If the Gray campaign somehow obtained the list directly from the DC Housing Authority that is a horse of a different color.  Why DeBonis and his editors found it necessary to omit this specific information in the body of the article isn't clear.  By painting with such a broad brush they tarnish what is a perfectly acceptable (and laudable) campaign practice -- reaching out directly to the voters.

And that requires a database.  Not to mention "Team Captains."

Friday, July 20, 2012

For Aurora


Here is a recording (audio only) of Frank Ticheli's American Elegy.  It was composed to honor the victims and survivors of the Columbine Colorado shooting.  It seems appropriate today.  From the program note:

An American Elegy by Frank Ticheli is, above all, an expression of hope. It was composed in memory of those who lost their lives at Columbine High School on April 20, 1999, and to honor the survivors. It is offered as a tribute to their great strength and courage in the face of a terrible tragedy. Frank Ticheli hopes the work can also serve as one reminder of how fragile and precious life is and how intimately connected we all are as human beings.

Its a gorgeous piece, worth the time, especially today.


Thursday, July 19, 2012

Zoo the Day

“I’m bored.”

My seven-year-old son spoke the words every parent of a young child dreads.  And while they may have sounded like a mere statement, it’s really a command:  “Entertain me.  Now!”  And a complaint:  that “entertainment” you gave me to do already?  Lame!

Wanting to be a good Dad and not merely sit my son in front of the TV for another episode of SpongeBob Squarepants (“the adventures of a relentlessly optimistic sponge who lives under the sea” according to the TV guide – really if I had come up with that concept look where I’d be now.  Although I suspect the best I could do would be the adventures of a manic-depressive spatula who lives under the sink).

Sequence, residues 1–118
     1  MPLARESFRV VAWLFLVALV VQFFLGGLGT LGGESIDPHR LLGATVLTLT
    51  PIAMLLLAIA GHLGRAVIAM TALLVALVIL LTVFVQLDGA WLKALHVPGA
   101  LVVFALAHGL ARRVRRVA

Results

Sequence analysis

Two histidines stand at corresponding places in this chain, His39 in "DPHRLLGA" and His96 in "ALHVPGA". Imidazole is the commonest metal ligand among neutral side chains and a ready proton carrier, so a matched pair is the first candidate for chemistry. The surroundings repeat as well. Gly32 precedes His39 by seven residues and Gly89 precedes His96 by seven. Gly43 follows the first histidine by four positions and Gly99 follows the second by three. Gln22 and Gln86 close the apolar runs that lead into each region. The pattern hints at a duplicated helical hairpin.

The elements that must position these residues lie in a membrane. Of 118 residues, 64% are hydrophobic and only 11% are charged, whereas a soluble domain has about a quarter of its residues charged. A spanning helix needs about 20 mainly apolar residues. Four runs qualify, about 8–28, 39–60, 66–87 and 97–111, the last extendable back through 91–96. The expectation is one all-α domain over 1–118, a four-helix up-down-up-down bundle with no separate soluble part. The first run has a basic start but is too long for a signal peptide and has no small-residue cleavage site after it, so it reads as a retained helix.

Wanting to meet his boredom head on, I decided to do something active that didn’t involve toggle switches and waving white hand-held devices at the TV screen.

I decided to take him to the National Zoo.

Perfect!  Kids love the zoo! I could picture it:  we’d have an ideal father-son day, bonding over our fascination for the animals before heading home, possessing new life-long memories to cherish.

One challenge: we would have to get there.

In theory you’re taking the kids somewhere they want to go and where they will have fun. But they will make your life a miserable hell every step of the way while getting there.

Whoever said the point wasn’t the destination but the journey never travelled with a seven-year-old.

It’s not so much the physical journey.  It’s the psychological warfare along the way.

As a Dad without a car, this makes getting from Point A to Point B a constant battle.  Even when Point A is a smallish apartment and Point B is a place filled with lions and tigers and bears. 

Oh, sigh.

Although claiming to be bored to tears, he didn’t want to budge.  So I used the best motivational technique I could pull out of my father-of-the-year bag of tricks.  I bribed him.  I promised him ice cream.

So off we went on our quest.  Me looking forward to seeing furry critters and son looking forward to frozen cuisine.

But first we had to get there.  The National Zoo is a mere five miles from my apartment, by Metro – D.C.’s subway system –just nine stops.  The Metro station is a two block walk from my front door.  Yet for all the protesting you could have thought I asked him to walk the 2,175 mile Appalachian Trail with 70 pounds strapped onto his back in winter through five feet of snow.